Uncomfortable science

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Uncomfortable science, as identified by statistician John Tukey,[1][2] comprises situations in which there is a need to draw an inference from a limited sample of data, where further samples influenced by the same cause system will not be available. More specifically, it involves the analysis of a finite natural phenomenon for which it is difficult to overcome the problem of using a common sample of data for both exploratory data analysis and confirmatory data analysis. This leads to the danger of systematic bias through testing hypotheses suggested by the data.

A typical example is Bode's law, which provides a simple numerical rule for the distances of the planets in the solar system from the Sun. Once the rule has been derived, through the trial and error matching of various rules with the observed data (exploratory data analysis), there are not enough planets remaining for a rigorous and independent test of the hypothesis (confirmatory data analysis). We have exhausted the natural phenomena. The agreement between data and the numerical rule should be no surprise, as we have deliberately chosen the rule to match the data. If we are concerned about what Bode's law tells us about the cause system of planetary distribution then we demand confirmation that will not be available until better information about other planetary systems becomes available.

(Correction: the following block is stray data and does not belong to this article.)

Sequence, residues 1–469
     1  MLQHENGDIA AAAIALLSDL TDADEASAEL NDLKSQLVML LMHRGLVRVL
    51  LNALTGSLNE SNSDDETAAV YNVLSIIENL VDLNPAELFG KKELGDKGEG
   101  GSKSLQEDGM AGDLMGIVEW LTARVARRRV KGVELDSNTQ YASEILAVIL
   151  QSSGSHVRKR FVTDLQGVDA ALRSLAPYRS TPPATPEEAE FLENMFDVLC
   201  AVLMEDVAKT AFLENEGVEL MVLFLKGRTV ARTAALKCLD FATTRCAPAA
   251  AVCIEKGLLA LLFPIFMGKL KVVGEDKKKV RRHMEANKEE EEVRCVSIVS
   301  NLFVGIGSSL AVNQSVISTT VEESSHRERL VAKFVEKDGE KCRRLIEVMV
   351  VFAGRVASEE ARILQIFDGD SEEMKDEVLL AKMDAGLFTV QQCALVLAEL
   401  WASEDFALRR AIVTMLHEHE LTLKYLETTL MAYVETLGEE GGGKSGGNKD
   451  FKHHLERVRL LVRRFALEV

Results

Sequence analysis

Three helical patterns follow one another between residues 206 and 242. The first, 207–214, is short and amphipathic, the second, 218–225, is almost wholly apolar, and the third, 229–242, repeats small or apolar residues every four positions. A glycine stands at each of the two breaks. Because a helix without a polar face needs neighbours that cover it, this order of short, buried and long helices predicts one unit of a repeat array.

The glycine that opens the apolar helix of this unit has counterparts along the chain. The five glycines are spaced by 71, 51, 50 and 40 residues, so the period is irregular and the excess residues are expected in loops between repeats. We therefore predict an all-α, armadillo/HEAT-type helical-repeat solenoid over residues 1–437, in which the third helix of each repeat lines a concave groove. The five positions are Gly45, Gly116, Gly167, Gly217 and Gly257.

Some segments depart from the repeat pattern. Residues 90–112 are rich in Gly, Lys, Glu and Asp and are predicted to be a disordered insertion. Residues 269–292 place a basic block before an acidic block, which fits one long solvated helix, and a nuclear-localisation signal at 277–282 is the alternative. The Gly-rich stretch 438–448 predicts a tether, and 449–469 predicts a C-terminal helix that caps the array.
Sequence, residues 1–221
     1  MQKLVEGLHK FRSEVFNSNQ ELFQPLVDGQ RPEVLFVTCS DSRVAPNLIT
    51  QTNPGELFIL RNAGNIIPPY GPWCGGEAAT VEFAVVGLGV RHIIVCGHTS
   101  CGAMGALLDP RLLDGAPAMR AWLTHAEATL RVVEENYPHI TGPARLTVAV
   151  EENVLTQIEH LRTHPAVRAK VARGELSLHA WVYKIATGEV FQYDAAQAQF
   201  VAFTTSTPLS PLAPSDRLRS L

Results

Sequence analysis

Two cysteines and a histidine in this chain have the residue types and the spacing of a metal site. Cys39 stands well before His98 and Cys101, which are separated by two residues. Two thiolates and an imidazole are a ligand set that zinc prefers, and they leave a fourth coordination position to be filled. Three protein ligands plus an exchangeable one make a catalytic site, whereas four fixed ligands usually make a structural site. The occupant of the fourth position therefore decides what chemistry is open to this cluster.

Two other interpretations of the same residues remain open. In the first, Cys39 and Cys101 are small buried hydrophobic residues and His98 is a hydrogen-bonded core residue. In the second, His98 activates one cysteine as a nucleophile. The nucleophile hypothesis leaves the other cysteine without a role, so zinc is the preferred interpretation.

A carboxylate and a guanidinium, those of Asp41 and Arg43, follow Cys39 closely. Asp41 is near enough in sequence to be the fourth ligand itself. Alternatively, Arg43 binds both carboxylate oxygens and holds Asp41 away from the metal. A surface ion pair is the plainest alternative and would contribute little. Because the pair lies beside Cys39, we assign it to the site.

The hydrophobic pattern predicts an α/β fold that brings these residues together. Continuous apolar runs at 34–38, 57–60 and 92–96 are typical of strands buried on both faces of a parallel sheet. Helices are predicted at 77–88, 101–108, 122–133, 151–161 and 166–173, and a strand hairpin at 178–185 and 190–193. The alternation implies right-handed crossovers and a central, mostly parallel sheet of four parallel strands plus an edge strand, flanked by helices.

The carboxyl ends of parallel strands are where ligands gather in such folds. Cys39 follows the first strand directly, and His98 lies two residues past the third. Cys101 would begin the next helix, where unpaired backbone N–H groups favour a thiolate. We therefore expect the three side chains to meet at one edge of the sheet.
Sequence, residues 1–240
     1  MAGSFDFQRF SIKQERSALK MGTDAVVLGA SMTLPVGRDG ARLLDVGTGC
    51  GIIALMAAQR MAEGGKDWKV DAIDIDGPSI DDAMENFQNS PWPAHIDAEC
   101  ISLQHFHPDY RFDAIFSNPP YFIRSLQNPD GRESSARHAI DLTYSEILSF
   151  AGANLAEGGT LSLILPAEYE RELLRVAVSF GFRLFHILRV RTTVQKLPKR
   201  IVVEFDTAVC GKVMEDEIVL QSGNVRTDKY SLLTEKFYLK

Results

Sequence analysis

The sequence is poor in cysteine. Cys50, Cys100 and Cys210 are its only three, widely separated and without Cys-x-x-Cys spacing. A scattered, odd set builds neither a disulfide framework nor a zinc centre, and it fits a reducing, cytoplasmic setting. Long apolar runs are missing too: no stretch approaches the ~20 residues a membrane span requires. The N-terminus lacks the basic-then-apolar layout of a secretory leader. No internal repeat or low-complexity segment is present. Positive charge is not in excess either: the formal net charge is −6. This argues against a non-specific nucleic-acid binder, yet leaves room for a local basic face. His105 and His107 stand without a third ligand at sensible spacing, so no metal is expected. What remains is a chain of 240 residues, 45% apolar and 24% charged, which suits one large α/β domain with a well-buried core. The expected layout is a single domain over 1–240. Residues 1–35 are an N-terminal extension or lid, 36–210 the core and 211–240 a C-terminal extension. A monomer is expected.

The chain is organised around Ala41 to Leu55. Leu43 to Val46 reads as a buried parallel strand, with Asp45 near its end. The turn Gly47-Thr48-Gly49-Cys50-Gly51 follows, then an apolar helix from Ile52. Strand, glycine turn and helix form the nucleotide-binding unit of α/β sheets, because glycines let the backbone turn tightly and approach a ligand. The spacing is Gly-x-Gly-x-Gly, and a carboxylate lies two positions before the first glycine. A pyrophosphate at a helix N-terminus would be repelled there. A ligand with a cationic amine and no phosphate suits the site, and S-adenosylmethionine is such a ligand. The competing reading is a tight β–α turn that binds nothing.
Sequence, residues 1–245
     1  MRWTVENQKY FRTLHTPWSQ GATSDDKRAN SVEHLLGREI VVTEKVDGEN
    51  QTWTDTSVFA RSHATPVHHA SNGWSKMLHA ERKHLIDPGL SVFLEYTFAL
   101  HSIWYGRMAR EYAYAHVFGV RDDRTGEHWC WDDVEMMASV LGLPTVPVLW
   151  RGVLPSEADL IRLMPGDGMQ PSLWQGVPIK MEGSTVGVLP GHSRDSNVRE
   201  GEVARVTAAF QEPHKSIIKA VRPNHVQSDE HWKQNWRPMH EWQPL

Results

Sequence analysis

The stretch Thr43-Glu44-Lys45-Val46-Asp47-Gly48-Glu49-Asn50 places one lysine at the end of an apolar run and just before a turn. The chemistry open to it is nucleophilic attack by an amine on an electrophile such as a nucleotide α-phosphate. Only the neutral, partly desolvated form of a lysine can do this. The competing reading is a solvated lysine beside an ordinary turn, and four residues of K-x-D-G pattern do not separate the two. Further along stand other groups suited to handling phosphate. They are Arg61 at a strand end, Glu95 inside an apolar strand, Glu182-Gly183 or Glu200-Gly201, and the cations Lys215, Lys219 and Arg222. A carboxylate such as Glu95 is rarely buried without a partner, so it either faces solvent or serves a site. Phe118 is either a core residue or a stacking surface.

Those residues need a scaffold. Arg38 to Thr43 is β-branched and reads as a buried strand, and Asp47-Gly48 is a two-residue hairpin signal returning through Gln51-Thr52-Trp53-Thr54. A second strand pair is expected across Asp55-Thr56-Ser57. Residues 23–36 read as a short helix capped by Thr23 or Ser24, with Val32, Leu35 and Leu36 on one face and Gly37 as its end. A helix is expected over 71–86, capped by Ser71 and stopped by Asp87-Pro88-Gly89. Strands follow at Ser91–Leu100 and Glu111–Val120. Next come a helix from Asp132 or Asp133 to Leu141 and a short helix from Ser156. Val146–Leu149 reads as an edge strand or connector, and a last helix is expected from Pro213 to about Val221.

See also[edit]


  • Diaconis, P. (1985) "Theories of data analysis: from magical thinking through classical statistics", in Hoaglin, D.C et al. (eds). Exploring Data Tables Trends and Shapes. Wiley. ISBN 0-471-09776-4. 


  1. ^ Norel, R.; Rice, J. J.; Stolovitzky, G. (2011). "The self-assessment trap: Can we all be better than average?". Molecular Systems Biology. 7: 537. doi:10.1038/msb.2011.70. 
  2. ^ Hoaglin, D.C et al. (eds). Exploring Data Tables Trends and Shapes. Wiley. ISBN 0-471-09776-4. Much of science also falls under John Tukey's label "uncomfortable science," because real repetition is not feasible or practical.